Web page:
Mobility is one of the most important human faculties and can be defined as the ability of an individual to move freely through multiple environments and perform daily personal tasks with ease. Evidences show that mobility restrictions are associated with cognitive and psychosocial disturbances, which further impairs the quality of life of the individual. Different conditions, such as stroke, spinal cord injury and cerebral palsy affect human mobility causing partial or total loss of locomotion capacities. In addition, it is known that mobility decreases gradually with age as a consequence of neurological, muscular and/or osteoarticular deterioration.
Neuroscience has found that specific, repetitive and intensive training induces neuronal plasticity and therefore a cortical reorganization of brain damage. In order to improve the locomotor training of patients with reduced mobility, several robotic devices have been proposed as alternatives to be used in therapeutic interventions. The combination of electromechanical assisted gait training along with physical therapy increases a patient's chances of reaching autonomous locomotion. New technologies have emerged to improve the life conditions of people with motor impairments. Soft robotics, design, either due to the hardware or control, has led to the emergence of several promising applications to improve the life conditions of this population. Additionally, solutions to assist daily living require robust interfaces that allow for natural control. These interfaces may rely on diverse modalities information that can be related with the intention, preparation and generation of voluntary movement, either at mechanical or neural level.
This seminar aims at discussing the pertinence and the feasibility of the establishment of human-robot interfaces to enhance assistive and rehabilitation device’s interaction performance. We invite participants from a variety of backgrounds (i.e. physiotherapist, physiatrist, engineers, scientist, patients, clinical researchers and industry) to share their experiences on the requirements and challenges implementing and deploying rehabilitation and assistive robotics in the context of developing countries.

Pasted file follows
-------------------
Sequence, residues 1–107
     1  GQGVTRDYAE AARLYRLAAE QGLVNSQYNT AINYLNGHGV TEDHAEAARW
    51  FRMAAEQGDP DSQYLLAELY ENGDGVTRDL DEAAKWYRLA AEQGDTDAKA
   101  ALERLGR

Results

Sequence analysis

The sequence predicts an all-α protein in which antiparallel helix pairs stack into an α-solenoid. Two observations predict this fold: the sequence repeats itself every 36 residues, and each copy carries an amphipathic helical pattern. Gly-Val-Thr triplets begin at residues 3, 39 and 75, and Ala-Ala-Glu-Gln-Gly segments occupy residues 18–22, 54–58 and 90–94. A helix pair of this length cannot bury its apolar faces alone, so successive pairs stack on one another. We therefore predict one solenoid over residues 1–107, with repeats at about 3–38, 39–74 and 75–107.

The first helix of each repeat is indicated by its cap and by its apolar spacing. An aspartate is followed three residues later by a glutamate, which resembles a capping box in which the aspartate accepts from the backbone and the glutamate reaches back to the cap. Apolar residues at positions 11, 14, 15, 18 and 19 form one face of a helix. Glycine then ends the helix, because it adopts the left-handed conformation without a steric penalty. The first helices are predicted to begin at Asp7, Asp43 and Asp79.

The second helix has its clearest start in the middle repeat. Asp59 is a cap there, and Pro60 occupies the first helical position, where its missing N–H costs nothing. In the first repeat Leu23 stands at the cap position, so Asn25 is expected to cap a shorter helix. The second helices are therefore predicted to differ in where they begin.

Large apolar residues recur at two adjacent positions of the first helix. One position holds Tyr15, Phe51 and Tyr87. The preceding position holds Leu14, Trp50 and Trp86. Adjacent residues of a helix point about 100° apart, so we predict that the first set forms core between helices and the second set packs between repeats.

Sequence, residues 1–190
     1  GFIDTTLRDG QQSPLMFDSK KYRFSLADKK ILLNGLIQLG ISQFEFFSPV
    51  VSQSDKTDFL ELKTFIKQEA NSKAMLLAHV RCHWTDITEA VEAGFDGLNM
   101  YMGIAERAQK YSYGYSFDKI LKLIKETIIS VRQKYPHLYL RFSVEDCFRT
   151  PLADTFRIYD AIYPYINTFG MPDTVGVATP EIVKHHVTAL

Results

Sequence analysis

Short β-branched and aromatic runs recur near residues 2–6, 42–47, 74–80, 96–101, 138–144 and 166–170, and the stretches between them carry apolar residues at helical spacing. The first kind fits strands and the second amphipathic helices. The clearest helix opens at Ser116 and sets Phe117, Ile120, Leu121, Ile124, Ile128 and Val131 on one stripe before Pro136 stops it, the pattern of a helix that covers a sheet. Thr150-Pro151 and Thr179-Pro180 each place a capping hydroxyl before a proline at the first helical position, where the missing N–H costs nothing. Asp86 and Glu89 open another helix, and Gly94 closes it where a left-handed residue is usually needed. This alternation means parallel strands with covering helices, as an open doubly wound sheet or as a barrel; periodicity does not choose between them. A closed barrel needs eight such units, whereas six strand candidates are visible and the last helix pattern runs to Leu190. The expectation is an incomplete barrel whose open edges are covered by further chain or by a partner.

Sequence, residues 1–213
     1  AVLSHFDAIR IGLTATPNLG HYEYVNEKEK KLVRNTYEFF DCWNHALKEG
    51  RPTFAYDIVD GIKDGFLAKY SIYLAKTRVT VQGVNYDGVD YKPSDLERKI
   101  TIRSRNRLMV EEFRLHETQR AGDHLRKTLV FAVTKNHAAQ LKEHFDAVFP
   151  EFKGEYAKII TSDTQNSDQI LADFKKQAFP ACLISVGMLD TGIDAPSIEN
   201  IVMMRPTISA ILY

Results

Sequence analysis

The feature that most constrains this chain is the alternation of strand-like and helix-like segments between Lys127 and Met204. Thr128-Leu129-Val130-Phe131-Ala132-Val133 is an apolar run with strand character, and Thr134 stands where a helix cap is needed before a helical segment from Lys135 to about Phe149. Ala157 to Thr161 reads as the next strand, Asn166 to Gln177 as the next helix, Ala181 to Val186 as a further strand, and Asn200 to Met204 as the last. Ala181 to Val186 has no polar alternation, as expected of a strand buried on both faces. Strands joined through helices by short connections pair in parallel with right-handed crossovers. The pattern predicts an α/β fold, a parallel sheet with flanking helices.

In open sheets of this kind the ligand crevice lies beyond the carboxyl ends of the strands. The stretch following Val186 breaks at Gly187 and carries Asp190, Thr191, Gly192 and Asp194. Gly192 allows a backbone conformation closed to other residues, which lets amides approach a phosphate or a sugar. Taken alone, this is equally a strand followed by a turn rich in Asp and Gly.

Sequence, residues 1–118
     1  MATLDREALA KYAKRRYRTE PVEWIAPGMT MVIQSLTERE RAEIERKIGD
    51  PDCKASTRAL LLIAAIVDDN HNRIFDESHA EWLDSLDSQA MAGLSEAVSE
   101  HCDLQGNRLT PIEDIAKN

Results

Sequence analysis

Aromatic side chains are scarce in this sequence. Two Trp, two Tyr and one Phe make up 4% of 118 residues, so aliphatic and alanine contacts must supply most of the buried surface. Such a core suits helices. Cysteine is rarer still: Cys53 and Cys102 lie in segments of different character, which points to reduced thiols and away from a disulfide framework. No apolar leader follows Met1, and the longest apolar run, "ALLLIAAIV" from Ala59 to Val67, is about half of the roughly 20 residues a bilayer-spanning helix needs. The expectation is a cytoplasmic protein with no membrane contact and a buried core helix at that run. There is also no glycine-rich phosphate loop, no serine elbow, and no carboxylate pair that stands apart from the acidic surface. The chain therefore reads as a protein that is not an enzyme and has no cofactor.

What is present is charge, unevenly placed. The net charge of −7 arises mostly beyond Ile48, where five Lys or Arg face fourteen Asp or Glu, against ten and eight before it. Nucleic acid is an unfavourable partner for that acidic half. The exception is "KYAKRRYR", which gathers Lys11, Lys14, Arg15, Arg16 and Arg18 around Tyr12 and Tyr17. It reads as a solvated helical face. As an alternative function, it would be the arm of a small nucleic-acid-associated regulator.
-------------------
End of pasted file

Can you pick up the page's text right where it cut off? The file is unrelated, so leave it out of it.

José María Azorín
Miguel Hernández University of Elche (Spain)
WHEE Organization CEO (Colombia)
Plymouth University (U.K.)
CALL AND SUBMISSION
CALL FOR PAPERS
The primary topics of interest include, but not limited to:
- Exoskeletons and Assistive Devices
- Prosthetics and orthotics
- Human-in-the-loop Control of Robotic Systems
- Human-Robot Interfaces
- Brain machine interfaces in rehabilitation
- Novel Sensors and Actuators for Human-Robot Interaction
- Case Studies, Experiments, Ethics and Outreach
- Objective Measures: How to Quantify Efficacy, Safety and Intuitiveness in Human-Robot Interaction?
Papers can be submitted via the following submition site. Please submit your paper in PDF format by the May 29th, 2018.
The paper format conforms to:
- The allowed length is between 2 and 3 pages (including the references) depending on the contribution of the work (position papers, previous/ongoing work or novel work). Submitted papers should conform to the IEEE publication format . The results described in the submission must not be under consideration for publication elsewhere. For templates and examples follow this link: Template. The papers must be written in English.
Final documents for accepted paper:
- Poster Template
- Short presentation (3 min) Template
- Confirmation of attendance of the author(s) Template
7:30 - 8:15
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Registration of participants
Introduction from the organizers
Sara Múnera: Design challenges for inclusive technology
Discussion Topic I
José María Azorín: Brain-Machine Interfaces for Rehabilitation based on Exoskeletons
Discussion Topic 2
Martin Stoelen: Soft and variable-stiffness robotic arms
Discussion Topic 3
Wrap up and Farewell
- Carlos A. Cifuentes (Colombian School of Engineering Julio Garavito)
- Marcela Múnera (Colombian School of Engineering Julio Garavito)
- Dr. Catalina Gómez (Clínica Universidad de la Sabana)
- Sergio Sierra (Colombian School of Engineering Julio Garavito)
- Miguel Sanchez (Colombian School of Engineering Julio Garavito)
- Felipe Ballen (Colombian School of Engineering Julio Garavito)
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